The last major location we visited on our trip was the town of Civita di Bagnoregio, about 10-15 km. south of Orvieto. The town is truly impressive, sitting atop a rock outcrop that overlooks the surrounding countryside, and as with many of the others in nearby regions, has Etruscan origins, this one dating back an unimaginable 2.5 millennia.
Being situated in a such a unique location, direct vehicle access is not possible, necessitating a 15-20 minute walk (at quite a grade!) from a nearby parking lot. The access bridge was fairly recently rebuilt, prior to which the nearly inaccessible town had fallen into decay, earning the nickname the il paese il che muore ("the town that is dying"). The new bridge has reinvigorated the town as a sought-after tourist and event location (there was a wedding taking place during our visit).
We had arrived at Civita in the evening, so the golden hour was just beginning as we walked around the narrow streets, making for far more subdued scenes than many of the other locations we visited.
Toward the edge of town there were some old buildings and ruins that still had Etruscan artifacts within. They were closed at the time, but looked like some portions of the structure had been converted into museum space, while others were still being excavated. Just a bit farther past was the north edge of the town, where the valley could be seen over a cobblestone wall.
Our time there concluded with a nice glass of wine outside a small café. A relaxing end to a relatively long day...minus the hike back down the hill and the 2 hour drive back home that is!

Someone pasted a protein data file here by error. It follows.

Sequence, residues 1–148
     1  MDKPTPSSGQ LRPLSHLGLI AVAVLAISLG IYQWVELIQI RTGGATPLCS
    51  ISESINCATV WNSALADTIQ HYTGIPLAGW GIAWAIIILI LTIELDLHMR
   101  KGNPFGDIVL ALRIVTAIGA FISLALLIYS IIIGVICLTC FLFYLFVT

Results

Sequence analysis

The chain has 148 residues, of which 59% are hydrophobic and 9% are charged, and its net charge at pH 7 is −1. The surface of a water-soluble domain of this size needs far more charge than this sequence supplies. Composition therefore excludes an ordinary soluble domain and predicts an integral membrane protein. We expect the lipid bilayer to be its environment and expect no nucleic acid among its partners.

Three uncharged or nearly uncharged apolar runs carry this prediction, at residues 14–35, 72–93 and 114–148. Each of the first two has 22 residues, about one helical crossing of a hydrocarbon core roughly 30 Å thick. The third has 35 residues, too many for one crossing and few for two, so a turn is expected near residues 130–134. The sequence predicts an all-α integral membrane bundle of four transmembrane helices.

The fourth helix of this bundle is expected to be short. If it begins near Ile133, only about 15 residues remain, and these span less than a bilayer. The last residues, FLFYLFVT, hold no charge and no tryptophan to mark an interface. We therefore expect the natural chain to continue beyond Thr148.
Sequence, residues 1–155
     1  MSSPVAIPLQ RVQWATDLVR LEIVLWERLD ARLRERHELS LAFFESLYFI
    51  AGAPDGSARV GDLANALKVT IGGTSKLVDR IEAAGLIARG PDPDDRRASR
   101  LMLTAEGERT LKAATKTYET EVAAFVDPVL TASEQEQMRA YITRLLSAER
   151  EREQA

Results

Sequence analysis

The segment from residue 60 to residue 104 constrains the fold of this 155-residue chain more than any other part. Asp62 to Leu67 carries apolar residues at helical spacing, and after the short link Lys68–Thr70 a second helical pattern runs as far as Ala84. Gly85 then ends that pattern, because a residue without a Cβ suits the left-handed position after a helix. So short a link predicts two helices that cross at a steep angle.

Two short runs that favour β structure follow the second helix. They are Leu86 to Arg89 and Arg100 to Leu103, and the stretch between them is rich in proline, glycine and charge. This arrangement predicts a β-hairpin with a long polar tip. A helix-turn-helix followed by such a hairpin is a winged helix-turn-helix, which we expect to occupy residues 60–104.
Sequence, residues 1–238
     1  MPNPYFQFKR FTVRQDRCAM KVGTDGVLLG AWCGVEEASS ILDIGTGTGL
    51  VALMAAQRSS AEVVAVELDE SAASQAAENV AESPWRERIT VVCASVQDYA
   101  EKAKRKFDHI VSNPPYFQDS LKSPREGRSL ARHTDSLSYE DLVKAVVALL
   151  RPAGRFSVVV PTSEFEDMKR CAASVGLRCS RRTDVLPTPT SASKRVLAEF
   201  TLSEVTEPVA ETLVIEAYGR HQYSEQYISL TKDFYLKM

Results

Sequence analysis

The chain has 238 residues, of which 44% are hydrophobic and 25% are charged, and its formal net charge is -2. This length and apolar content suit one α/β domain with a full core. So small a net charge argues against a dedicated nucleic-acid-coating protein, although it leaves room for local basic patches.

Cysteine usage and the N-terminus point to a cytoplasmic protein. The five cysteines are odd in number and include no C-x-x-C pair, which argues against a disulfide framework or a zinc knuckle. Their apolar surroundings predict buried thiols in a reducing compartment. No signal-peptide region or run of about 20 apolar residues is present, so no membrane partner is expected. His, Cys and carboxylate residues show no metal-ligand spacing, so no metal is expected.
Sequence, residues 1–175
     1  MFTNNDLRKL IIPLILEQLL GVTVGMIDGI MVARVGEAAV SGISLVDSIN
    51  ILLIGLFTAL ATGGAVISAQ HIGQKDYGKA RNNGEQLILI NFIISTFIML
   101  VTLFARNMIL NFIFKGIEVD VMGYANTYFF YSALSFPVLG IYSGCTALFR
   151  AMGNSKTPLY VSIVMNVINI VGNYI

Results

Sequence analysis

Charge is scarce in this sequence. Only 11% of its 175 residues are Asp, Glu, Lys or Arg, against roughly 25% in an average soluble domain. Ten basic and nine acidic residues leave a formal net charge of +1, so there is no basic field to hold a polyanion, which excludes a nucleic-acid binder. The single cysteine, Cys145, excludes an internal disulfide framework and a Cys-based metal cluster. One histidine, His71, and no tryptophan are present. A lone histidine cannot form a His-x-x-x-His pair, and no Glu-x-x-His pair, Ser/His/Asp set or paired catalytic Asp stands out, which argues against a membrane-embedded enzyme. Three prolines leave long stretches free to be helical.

This is the last post in the series of our time in Italy. If you stumbled across these, I hope they were enjoyable and that if you ever get the chance to visit yourself, some of these locations might fit into your schedule. Cheers and Happy New Year!
For other posts in my Italy series, see below:
One of the last larger towns in near proximity to our lodging (i.e. within about 30 minutes) was Montepulciano. Marcello, the son of family that owned the agriturismo where we stayed, specifically recommended we stop by as it was one of his favorite places to visit for a evening away from home.
After our day long excursion to Siena, we returned to taking shorter trips to other local hill towns. Montalcino was next on our list, famously know worldwide for its Brunello wine, and like most of the other ancient settlements in the region, stems from Etruscan origins. The town has been known for its high-quality leather products since the medieval times, with many tanneries and cobbler shops still lining the streets.
After our first night at our new lodgings, we ventured out to some of the nearby hill towns to explore what the local communities had to offer. Our first stop was at the Town of San Quirico d'Orcia, about 20 kilometers southeast of Buonconvento, which dates back to around 700 AD. The town's fortified walls still stand, intended to protect its citizens from invasion over the centuries.
We picked up a rental car at the Florence airport and headed out of the city bound for our apartment rental further south about halfway between Florence and Siena.
It been a few months since I've been able to post, but rest assured, I have quite a bit of material to cover in the near future. That's because last month I was able to travel internationally for the first time in almost a decade, spending a fantastic week and a half in the Tuscany region of Italy with my wife and parents. This post will be the first of many detailing some of the amazing locations we were able to visit and the images I captured along the way.